Established plants should be fertilized one more time.       Apple Harvest    If you are on the Central Coast this month, apple harvest is in full swing in See Canyon, between San Luis Obispo and Pismo Beach. On US 101, take the exit that goes west to Avila Beach. Turn right on San Luis Bay Drive then left on See Canyon Road. There are several apple farms within a few miles. Unless you are adventurous, go back out the way you came in. If you want a back country drive, continue on See Canyon Road back to US 101.

See Canyon is oriented in such a way that the sun goes down very early in the afternoon in the winter. Nights get colder than other areas on the Central Coast, which is just what apples need. Even in the summer, lows are in the 40’s. Most of the orchards sell fresh apples and cider. The Avila Valley Barn on Avila Beach Road also sells fresh produce, baked goods and gifts.  If you live on the Central Coast, you can grow apples too. We get more chill here than Southern California. We can grow the low chill varieties, but we can also grow varieties that require more chill hours.       Fall Planting Time   Transplant seedlings of the cool season vegetables and flowers you sowed last month, or buy six packs from the nursery. Plant ground covers from flats and shrubs and trees from containers.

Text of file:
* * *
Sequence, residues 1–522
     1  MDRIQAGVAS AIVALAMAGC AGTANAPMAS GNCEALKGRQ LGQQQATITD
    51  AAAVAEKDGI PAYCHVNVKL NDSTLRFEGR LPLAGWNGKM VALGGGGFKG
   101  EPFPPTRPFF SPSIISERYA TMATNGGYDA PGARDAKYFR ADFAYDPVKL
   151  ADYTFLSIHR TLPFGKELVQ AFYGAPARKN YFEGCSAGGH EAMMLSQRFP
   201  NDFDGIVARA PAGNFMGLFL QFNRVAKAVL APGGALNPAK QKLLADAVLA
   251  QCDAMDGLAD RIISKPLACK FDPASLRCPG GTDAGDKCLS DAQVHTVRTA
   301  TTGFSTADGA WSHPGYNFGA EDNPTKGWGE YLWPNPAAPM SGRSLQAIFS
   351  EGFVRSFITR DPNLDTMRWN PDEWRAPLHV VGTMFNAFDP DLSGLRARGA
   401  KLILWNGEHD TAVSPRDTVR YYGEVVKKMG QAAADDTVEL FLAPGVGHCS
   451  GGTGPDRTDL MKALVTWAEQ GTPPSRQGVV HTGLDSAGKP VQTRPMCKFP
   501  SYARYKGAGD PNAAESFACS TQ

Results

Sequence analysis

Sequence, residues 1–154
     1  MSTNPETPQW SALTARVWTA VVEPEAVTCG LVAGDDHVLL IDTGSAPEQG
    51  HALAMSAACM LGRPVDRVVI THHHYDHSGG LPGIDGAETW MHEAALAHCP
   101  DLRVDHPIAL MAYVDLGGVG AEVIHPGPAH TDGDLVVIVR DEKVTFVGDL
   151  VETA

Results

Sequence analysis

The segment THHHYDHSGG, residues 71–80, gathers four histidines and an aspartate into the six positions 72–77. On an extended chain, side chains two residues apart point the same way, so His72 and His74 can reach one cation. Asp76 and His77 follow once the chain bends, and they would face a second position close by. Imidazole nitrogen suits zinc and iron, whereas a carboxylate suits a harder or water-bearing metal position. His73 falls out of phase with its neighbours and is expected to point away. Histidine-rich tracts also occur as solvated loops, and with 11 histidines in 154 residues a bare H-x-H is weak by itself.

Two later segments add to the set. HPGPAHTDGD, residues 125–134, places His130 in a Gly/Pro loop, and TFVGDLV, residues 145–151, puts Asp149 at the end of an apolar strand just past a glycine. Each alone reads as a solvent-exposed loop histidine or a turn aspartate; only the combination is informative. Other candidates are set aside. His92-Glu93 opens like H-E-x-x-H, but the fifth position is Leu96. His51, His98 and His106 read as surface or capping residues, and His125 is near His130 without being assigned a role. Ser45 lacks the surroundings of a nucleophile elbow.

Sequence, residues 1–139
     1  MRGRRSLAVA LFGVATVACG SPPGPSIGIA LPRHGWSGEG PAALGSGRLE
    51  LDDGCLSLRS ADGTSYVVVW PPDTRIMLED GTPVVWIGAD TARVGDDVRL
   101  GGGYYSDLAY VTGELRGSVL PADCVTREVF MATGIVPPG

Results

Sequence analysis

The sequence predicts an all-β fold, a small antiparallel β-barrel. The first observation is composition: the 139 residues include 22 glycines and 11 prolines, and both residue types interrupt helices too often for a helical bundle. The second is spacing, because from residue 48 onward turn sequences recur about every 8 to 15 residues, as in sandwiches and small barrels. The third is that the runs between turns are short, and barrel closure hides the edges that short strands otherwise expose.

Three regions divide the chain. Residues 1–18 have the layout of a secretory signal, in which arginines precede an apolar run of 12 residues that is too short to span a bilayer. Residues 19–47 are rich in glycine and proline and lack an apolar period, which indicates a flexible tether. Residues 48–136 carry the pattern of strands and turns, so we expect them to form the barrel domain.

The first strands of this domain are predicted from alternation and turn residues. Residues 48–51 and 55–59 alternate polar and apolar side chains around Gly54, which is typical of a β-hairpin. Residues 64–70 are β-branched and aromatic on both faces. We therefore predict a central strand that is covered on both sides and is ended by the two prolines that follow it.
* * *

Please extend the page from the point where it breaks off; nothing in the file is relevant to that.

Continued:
Cultivate and amend the soil before planting flowers and vegetables. If you are planning extensive landscape planting, wait until next month when the cool and rainy season is closer and water needs are lower.  Buy bulbs now while the selection is best, but put tulips, crocus and hyacinths in the refrigerator for 6 to 8 weeks before planting. Daffodils, muscari, freesia, sparaxis and Dutch iris will naturalize easily in our climate. They get along just fine with not much more water than our winter rains provide. Be sure to add a little super- phosphate to the soil below the bulb.  Lift and store summer bulbs, including glads and dahlias and, when they finish blooming, tuberous begonias.  When selecting new plants for your landscape, keep in mind the ultimate size and shape you need in a plant.